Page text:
The Haunted Land: Facing Europe's Ghosts After Communism.
By Tina Rosenberg.
Random. 437 pages, $25.
In the aftermath of the defeat of fascism and Japanese militarism in World War II, there was little controversy over the extensive programs of de-Nazification and demilitarization launched by the victorious Allies in Germany and Japan. But in the wake of the defeat of communism in what some regard as World War III-the Cold War-bitterly divisive arguments and intense political conflict have attended efforts to come to grips with the evils of the past forty years. Poland, Czechoslovakia, and Germany, the three countries surveyed in Tina Rosenberg's book, have each handled the issue differently. Poland drew a “thick line” in 1989 and, in effect, decided to let bygones be bygones; a former Communist apparatchik is now Poland's prime minister. The Czech “lustration” law forbids former secret police agents and high Communist officials from holding public sector jobs; the German “screening” process is intended to prevent former secret police informers from getting on the public payroll. Both countries' processes have been flawed by the lack of a comprehensive appeals mechanism, and neither has fully come to terms with the two basic facts about these records: not everything in them is true, and not everything true is in them. Still, the Czech Republic and Germany have at least made a serious effort to come to terms, publicly, with the evils of communism, and thus to put down some boundary markers for the democratic future. Tina Rosenberg's exploration of this tangled and murky business, while full of interesting detail, is ultimately unsatisfactory because Ms. Rosenberg (a MacArthur Foundation “genius” awardee) can't seem to grasp the moral perversity of the Communist project or the gravity of the damage that communism did to the moral ecology of east central Europe. (This is not, perhaps, surprising in an author who writes that Allende's Chile chose “to live up to its beautiful, nonrepressive socialist ideals,” and who ends her book with the claim that anticommunism “resembles” communism “greatly” at times.) In short, it's the old story: Nazism was evil, pure and simple, while communism was a lovely ideal gone unhappily awry.
Nazi Germany: A New History.
By Klaus P. Fischer.
Continuum. 734 pages, $37.50.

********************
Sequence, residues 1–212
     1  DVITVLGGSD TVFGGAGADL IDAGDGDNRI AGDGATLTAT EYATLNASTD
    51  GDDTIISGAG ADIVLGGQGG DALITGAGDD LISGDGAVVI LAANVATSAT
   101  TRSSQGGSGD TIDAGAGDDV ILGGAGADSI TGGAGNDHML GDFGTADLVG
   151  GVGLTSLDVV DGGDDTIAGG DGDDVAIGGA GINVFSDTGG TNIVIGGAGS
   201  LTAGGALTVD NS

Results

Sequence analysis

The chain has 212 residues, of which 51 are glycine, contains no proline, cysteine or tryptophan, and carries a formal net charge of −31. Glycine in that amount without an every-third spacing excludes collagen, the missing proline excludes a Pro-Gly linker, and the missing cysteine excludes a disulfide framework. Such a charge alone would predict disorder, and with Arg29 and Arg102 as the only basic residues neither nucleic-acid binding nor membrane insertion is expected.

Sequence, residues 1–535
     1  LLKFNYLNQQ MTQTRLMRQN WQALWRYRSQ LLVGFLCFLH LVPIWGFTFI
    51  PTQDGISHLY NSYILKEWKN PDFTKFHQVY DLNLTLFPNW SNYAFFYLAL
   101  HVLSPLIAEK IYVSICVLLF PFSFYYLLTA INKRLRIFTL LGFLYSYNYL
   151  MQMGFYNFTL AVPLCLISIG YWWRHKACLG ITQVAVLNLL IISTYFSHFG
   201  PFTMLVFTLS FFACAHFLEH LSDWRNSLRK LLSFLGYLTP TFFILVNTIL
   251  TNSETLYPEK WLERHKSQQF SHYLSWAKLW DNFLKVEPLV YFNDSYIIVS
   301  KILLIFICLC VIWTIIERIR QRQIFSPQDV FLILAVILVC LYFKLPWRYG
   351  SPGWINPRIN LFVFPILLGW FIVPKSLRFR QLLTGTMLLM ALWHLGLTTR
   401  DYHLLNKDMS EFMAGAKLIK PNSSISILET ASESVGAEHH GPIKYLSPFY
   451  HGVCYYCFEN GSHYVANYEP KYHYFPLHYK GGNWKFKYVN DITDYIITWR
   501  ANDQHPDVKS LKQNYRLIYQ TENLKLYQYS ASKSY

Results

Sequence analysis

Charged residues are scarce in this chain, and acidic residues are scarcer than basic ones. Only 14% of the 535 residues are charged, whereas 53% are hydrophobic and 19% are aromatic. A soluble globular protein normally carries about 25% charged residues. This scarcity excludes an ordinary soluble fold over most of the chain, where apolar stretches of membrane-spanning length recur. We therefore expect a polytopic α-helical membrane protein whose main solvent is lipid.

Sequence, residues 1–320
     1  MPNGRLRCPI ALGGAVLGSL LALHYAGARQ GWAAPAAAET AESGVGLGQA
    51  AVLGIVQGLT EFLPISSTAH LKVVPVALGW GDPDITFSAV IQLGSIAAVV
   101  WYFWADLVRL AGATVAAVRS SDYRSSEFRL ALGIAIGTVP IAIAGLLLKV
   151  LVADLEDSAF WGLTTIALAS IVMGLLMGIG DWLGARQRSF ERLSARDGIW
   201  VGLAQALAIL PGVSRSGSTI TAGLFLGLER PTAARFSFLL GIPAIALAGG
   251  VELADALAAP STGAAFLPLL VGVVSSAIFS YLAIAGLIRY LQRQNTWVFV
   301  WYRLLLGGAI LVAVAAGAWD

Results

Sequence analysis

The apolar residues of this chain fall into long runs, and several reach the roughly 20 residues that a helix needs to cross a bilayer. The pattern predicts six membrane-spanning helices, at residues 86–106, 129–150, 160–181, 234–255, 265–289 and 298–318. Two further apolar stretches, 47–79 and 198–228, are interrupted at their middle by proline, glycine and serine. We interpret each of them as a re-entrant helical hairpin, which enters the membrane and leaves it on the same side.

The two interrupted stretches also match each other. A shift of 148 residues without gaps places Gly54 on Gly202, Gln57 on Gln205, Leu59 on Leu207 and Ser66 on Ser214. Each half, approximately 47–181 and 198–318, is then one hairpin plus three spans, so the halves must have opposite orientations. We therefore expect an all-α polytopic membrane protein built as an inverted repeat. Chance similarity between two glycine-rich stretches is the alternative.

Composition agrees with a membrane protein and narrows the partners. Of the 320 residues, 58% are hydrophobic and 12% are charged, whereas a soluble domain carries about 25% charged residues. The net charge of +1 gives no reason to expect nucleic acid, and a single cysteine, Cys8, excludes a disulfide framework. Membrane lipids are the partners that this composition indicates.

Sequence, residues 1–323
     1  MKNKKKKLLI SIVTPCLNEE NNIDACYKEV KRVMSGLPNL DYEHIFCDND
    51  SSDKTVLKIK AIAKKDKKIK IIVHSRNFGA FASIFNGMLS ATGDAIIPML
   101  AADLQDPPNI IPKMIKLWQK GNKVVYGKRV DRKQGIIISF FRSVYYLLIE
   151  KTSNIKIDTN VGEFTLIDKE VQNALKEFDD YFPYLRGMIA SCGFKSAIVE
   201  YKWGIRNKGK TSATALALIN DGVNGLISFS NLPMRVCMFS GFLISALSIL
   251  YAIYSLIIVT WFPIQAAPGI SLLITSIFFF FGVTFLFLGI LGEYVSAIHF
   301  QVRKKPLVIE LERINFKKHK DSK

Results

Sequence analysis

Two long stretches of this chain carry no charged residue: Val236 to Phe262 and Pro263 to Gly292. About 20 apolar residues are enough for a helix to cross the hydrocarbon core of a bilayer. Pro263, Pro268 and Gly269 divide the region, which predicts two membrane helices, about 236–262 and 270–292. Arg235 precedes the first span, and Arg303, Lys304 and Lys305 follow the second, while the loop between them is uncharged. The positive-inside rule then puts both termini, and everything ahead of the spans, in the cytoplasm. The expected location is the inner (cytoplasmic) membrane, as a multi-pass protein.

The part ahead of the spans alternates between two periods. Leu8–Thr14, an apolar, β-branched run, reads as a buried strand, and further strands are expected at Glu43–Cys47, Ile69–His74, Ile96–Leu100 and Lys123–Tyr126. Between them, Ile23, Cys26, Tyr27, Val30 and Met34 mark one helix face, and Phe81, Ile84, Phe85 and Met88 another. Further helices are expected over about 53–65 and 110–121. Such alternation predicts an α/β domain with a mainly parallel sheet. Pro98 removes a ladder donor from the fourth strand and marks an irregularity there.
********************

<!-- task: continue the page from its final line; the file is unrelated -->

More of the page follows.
Generally speaking, histories of Nazi Germany tend to fall into one of two camps: either they are theory-driven disquisitions on the “underlying causes” of the phenomenon or they assume the voice and narrative drive of a contemporary newsreel, giving the reader that “we were there” feel-but also falling into faintly hackneyed melodrama. It is the remarkable achievement of Klaus Fischer's new history of Nazi Germany that he combines the skills of both camps, narrative power with theoretical shrewdness, without absorbing the faults of either outlook, providing in this fiftieth anniversary year of the end of World War II what will undoubtedly become the standard one-volume history of Nazi Germany for some time to come. If you are looking for carefully drawn miniature portraits of, say, the first member of the fledgling Nazi party or, later, of the architects of the Holocaust, you'll find it here. If you want a subtle analysis on how and why Nazism differs from the Communist subspecies of the totalitarian nightmare, here it is. Besides making for fascinating reading, Fischer's stereoscopic vision finally answers one of the great puzzles of Nazism: how could men of such limited talent and vapid ideas, some of whom were outright sociopaths, take over such a large and powerful country, and one that had, moreover, such a noble record of civilization? This will always remain a mystery, of course, but for Fischer the likeliest answer can be found in the ideological climate of late-nineteenth-century Europe: Hitler seemed plausible only because his brand of racism seemed plausible (and racism, Fischer makes clear, was the sum and substance of Nazism). And that ideology could seem plausible not just because anti-Semitism was such a “respectable” prejudice among the educated and peasant classes, but also because of the widespread acceptance of Charles Darwin's slogan “the survival of the fittest” and the eugenic consequences that so many of his successors drew from his theory of evolution. Not the least merit of this book is that it finally offers an intellectual genealogy of Mein Kampf that includes Darwin in the family tree.